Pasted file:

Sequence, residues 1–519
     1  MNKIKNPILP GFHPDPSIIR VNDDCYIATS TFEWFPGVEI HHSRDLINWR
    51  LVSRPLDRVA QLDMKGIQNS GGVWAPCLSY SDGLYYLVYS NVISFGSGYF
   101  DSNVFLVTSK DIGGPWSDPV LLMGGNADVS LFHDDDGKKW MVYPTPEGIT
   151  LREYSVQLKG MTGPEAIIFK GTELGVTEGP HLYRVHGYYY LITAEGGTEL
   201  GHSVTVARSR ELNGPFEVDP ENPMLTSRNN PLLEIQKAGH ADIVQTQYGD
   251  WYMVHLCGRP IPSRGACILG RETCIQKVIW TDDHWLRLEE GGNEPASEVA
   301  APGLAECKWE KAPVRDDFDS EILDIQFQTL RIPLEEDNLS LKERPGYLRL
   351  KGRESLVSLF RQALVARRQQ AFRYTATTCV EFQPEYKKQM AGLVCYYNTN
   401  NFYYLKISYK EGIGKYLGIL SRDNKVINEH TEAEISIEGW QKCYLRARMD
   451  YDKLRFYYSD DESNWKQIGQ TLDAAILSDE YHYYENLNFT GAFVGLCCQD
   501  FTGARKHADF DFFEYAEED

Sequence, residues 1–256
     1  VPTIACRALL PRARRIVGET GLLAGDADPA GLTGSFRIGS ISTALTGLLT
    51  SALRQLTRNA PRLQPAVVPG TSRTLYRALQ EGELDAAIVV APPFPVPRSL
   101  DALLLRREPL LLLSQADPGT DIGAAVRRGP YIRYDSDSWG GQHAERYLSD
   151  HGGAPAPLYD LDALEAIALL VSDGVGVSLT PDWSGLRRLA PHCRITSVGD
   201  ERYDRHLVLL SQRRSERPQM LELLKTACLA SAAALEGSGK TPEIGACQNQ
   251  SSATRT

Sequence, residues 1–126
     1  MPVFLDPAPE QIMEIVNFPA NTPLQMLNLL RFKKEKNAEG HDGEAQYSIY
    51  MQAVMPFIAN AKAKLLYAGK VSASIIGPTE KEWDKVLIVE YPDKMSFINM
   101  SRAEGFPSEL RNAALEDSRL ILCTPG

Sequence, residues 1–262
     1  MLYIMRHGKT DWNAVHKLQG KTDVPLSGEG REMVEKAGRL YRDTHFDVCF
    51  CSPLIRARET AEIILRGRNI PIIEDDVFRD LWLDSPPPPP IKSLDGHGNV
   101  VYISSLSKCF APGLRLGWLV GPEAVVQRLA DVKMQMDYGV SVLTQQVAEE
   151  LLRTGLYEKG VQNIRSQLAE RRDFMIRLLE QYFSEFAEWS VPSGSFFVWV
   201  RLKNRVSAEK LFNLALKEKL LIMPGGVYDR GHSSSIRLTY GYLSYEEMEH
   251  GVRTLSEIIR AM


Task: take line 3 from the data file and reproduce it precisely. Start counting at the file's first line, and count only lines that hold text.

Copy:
    51  LVSRPLDRVA QLDMKGIQNS GGVWAPCLSY SDGLYYLVYS NVISFGSGYF